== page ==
I was too lazy to replant the area the way I probably should have. I just left the sand where it was and covered it with a few inches of topsoil. My guess is that that square in our backyard where the sandbox used to be will always be a little soft and get mushy when it rains. The grass may grow a little differently in that square next to Hank's tree. Most people probably won't notice but we will. If you know where to look, you will always be able to see the outline of the place where five carefree little boys just played with army men.

That's my plan, anyway.

Sunday, March 31, 2013

Fast Food

In mid-February a friend of mine mentioned that a few years ago he started a personal tradition of fasting during the Lenten season leading up to the celebration of Easter. He said that the impact the experience had on him the first year he attempted it was powerful and had led him to continue the practice every year since. He didn't tell me what he meant by "powerful" but he challenged me to give it a try.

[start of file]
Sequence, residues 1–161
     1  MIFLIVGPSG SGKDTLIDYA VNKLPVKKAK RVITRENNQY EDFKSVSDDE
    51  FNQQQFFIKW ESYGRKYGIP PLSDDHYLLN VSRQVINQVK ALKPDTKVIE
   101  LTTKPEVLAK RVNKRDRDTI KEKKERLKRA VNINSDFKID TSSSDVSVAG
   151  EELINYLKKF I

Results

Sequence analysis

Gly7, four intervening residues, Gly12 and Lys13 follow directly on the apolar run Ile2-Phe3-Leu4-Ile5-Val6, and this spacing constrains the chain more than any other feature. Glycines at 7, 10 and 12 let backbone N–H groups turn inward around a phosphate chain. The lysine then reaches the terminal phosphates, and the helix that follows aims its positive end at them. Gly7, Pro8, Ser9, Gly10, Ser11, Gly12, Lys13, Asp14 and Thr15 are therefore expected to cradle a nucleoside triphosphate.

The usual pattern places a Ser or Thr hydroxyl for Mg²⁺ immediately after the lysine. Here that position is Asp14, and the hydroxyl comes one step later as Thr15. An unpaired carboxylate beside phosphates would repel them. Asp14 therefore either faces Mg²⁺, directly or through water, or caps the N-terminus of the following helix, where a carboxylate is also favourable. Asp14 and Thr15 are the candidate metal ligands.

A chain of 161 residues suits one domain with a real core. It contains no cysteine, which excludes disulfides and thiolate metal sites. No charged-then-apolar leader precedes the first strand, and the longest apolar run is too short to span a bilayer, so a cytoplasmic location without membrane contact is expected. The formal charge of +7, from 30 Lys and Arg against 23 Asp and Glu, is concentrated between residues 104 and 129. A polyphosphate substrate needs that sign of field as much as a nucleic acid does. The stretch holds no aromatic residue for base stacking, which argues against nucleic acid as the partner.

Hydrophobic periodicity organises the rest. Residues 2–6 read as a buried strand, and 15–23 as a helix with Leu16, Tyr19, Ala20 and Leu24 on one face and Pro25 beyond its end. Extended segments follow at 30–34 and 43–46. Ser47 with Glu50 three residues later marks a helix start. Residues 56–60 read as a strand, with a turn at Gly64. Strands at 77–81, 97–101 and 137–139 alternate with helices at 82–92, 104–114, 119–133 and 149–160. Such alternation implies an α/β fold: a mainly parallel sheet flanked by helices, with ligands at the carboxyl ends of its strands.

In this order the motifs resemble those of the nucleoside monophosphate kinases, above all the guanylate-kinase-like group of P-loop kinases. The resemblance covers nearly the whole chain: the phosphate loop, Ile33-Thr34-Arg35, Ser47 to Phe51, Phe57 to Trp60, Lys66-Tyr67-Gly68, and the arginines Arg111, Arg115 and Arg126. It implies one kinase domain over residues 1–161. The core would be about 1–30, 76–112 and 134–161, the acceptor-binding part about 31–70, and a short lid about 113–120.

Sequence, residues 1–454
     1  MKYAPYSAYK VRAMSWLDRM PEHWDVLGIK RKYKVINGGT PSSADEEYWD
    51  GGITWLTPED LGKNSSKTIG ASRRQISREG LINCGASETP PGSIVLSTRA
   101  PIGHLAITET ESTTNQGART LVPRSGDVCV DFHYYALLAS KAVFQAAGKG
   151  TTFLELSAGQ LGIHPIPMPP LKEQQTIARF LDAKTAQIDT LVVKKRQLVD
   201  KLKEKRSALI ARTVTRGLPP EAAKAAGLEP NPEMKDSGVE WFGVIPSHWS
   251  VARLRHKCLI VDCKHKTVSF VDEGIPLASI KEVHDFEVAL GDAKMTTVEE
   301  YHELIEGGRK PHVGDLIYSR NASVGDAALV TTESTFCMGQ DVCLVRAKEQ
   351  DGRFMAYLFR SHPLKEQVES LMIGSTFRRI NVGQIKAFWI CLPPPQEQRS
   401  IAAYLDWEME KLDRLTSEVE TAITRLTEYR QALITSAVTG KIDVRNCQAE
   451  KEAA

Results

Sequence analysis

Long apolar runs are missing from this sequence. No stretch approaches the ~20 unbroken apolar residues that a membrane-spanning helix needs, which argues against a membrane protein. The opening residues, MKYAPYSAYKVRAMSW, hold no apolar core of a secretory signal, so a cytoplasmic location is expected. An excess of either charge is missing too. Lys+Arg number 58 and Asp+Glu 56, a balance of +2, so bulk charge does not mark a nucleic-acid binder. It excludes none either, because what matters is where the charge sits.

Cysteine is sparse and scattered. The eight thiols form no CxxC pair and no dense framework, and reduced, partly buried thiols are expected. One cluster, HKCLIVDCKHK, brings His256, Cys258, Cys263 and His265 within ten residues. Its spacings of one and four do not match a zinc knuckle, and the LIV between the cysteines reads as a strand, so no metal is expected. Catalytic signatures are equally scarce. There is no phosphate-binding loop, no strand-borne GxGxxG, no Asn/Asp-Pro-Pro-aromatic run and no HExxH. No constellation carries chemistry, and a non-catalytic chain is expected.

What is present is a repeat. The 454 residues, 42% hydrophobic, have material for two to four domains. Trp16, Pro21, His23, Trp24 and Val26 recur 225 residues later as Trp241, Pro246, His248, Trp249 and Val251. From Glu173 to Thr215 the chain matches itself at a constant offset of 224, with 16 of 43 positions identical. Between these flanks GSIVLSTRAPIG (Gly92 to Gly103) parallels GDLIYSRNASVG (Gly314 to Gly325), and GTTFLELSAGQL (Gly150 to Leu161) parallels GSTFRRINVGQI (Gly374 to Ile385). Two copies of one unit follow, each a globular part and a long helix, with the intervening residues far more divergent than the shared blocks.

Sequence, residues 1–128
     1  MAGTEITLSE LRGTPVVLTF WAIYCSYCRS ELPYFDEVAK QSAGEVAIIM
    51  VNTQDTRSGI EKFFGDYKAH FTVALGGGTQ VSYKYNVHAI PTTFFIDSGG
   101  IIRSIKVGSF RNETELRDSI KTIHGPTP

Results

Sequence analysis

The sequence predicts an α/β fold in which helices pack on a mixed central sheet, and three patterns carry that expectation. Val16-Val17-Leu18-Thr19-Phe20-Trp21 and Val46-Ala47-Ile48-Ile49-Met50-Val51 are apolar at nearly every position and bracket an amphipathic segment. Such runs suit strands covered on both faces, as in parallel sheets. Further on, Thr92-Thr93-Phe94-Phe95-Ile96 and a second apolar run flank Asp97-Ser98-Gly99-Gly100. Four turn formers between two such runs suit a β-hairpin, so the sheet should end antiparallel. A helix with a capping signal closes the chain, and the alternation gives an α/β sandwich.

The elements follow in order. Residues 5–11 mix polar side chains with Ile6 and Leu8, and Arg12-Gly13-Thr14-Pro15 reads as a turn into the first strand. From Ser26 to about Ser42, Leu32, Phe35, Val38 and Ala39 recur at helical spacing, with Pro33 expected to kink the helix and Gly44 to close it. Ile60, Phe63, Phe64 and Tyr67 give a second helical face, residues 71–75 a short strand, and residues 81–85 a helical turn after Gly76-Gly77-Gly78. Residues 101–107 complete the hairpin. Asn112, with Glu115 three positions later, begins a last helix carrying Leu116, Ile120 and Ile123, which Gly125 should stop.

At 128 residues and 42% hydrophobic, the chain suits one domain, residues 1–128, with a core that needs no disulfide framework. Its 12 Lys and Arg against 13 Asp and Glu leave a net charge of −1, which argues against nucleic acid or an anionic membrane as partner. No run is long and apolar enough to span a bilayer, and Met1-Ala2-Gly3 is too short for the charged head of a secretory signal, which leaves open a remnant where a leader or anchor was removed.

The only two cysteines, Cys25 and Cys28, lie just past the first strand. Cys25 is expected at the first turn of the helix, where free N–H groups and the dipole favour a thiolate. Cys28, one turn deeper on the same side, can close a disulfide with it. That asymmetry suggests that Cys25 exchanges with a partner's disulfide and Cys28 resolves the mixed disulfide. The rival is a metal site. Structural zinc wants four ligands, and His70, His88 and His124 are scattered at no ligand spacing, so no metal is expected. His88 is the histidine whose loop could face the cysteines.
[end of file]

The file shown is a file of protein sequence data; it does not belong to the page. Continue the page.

Coincidentally, I had been considering doing exactly that, though on a much smaller scale than he suggested. My friend had researched the issue and found that the original practice of the monks who instituted Lenten fasting was to fast every day except Sunday for the 40 days leading up to Easter Sunday. The monks apparently believed that Sunday, being a day of rest, should also include resting from the practice of fasting. So, though he was not in any way Catholic, my friend had decided to do the same thing. He suggested that instead of going directly to a full-blown fast, I should wean my way into it by eating only fruits and vegetables for the first week. He told me this on the day before Lent began.